- Tapa dura: 437 páginas
- Editor: Potter Clarkson N (29 de octubre de 2013)
- Idioma: Inglés
- ISBN-10: 0307718271
- ISBN-13: 978-0307718273
- Valoración media de los clientes: Sé el primero en opinar sobre este producto
- Clasificación en los más vendidos de Amazon: nº425.524 en Libros en idiomas extranjeros (Ver el Top 100 en Libros en idiomas extranjeros)
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The Art of Simple Food II (Inglés) Tapa dura – 29 oct 2013
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Reseña del editor
A treasury of 300 seasonal recipes designed in support of the author's theories about local, sustainable foods shares advice on how to select ingredients at perimeter markets while enabling high-quality results in backyard and community gardens. By the best-selling author of
Biografía del autor
ALICE WATERS is the owner of Chez Panisse Restaurant and Café in Berkeley, California. She founded the Edible Schoolyard Project and has received the French Legion of Honor and three James Beard Awards. Her most recent books are theNew York Times bestsellers 40 Years of Chez Panisse and The Art of Simple Food, as well as In the Green Kitchenand The Edible Schoolyard: A Universal Idea.
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The Art of Simple Food II is filled with elegant simple ways to use greens and other relatively easy to grow vegetables and fruits. The book follows the seasons starting with the tender greens of early spring through the fruits and nuts of fall, right up to preserving and home canning. While there are some meat, fish and poultry dishes, the emphasis is on vegetables. If you have thought of starting a kitchen garden, or even just growing some rosemary on a windowsill, you will probably enjoy this book.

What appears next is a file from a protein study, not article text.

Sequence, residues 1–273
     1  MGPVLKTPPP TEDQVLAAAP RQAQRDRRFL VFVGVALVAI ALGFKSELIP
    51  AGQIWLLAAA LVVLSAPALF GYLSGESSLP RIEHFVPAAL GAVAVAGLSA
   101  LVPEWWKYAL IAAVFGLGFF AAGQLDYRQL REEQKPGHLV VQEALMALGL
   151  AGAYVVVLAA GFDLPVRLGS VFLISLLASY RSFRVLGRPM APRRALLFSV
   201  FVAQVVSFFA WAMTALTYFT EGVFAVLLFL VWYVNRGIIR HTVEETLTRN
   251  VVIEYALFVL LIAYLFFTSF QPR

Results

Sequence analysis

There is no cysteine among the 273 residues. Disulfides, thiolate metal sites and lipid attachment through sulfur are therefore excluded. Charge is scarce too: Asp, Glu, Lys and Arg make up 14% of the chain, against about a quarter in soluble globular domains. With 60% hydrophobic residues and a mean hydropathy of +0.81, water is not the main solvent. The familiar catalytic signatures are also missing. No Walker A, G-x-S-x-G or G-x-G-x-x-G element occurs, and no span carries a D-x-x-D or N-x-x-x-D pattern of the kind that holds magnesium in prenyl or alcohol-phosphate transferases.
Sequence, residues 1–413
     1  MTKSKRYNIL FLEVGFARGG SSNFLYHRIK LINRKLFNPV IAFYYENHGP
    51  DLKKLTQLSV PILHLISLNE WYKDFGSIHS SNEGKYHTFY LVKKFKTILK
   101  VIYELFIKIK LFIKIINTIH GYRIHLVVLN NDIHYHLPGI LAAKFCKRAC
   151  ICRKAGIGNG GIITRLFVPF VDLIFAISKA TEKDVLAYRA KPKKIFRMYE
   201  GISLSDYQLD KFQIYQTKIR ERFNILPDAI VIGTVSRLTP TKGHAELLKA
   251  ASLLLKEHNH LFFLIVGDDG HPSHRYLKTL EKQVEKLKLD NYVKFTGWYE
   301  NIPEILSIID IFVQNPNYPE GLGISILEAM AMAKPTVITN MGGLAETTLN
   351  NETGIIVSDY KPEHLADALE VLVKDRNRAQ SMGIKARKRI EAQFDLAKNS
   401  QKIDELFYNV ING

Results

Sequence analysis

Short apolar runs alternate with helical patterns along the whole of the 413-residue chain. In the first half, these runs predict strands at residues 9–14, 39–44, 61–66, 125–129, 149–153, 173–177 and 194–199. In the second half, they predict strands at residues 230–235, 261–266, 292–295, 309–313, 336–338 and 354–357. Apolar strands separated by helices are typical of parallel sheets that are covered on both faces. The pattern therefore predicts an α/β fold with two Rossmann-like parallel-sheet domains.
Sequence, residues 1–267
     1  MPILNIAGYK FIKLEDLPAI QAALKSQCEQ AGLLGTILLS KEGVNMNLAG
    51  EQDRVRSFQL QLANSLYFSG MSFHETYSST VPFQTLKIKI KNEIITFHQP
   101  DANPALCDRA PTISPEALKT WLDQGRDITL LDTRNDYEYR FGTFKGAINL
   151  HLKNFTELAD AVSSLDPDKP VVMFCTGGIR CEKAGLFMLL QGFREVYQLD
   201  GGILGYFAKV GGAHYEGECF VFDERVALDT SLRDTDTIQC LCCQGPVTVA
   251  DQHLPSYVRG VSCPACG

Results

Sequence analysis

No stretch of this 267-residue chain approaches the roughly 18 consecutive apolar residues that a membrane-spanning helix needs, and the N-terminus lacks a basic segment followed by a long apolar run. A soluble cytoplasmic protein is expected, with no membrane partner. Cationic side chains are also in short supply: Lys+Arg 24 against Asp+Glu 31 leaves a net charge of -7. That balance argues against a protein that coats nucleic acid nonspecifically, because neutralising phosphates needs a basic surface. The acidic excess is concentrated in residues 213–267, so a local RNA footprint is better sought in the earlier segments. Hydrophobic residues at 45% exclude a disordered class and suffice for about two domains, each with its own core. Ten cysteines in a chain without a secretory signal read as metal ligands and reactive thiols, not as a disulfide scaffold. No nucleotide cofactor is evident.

First the sell. This book doesn't pressure you to eat more vegetables, it makes them sound so delicious you find yourself longing for salad or a plate of Sweet and Hot Green Cabbage, Parsley and Anchovy Sauce or Tokyo Turnip Pickles.
Next comes the push. Waters would like you to grow your own vegetables . Fortunately, she knows that not everybody is up for a plowing up the backyard. Start small, she advises. Plant herbs, plant some greens. She gives advice on things that confuse most novices such as the soil to use in pots. Then she gets serious and explains composting, plant food. She goes from the very simple to subjects that few home gardeners touch such as cover crops.
Personally, I'm on the lazy end of the scale but I have to admit that I know she's right. Lettuce really is a breeze to grow, at least in the Southeast U.S. before the hot weather hits. On the other hand, Waters' cheery optimism when describing growing seasons' outside of California seemed a bit pat to me but maybe I'm not committed enough.
This is an interesting book to buy if you want a kitchen garden or even if you don't. I may plant that lettuce next spring, but I'll be glad I have the recipes even when my garden vegetables come from the farmers market.
Part I: Flavor as Inspiration.
She follows the seasons and has lovely line illustrations showing the crops: for example different kinds of cabbage, then the recipes. In her tomato section, her favorites were the tired and true tomato varieties: Amish Paste, Golden Jubilee, Brandywine, Juliette, Early Girl, and Sun Gold. The recipes follow each growing suggestion. All the recipes are simple and delicious. She highly recommends growing your own and/or buying locally.
Part II: Seed to Seed, Growing the New Kitchen Garden.
She starts with soil, preparing the beds, seeds, seedlings, extending the growing season, water, peak harvest, curing and storing, as well as saving seeds.
At the back of the book Tools and Resources are listed: Books; Seed and Garden Supply Catalogs (websites included;) Forums and Newsletters; Seed Saving; Urban Foraging and Fruit Exchange; and Cooperative Extension Offices. Glossary and extensive index are included.
This is a wonderful new book for the home gardener and cook as well as the professional chef. Growing your own food is encouraged, but buying locally is also suggested as an option. Great addition to your cookbook and gardening library.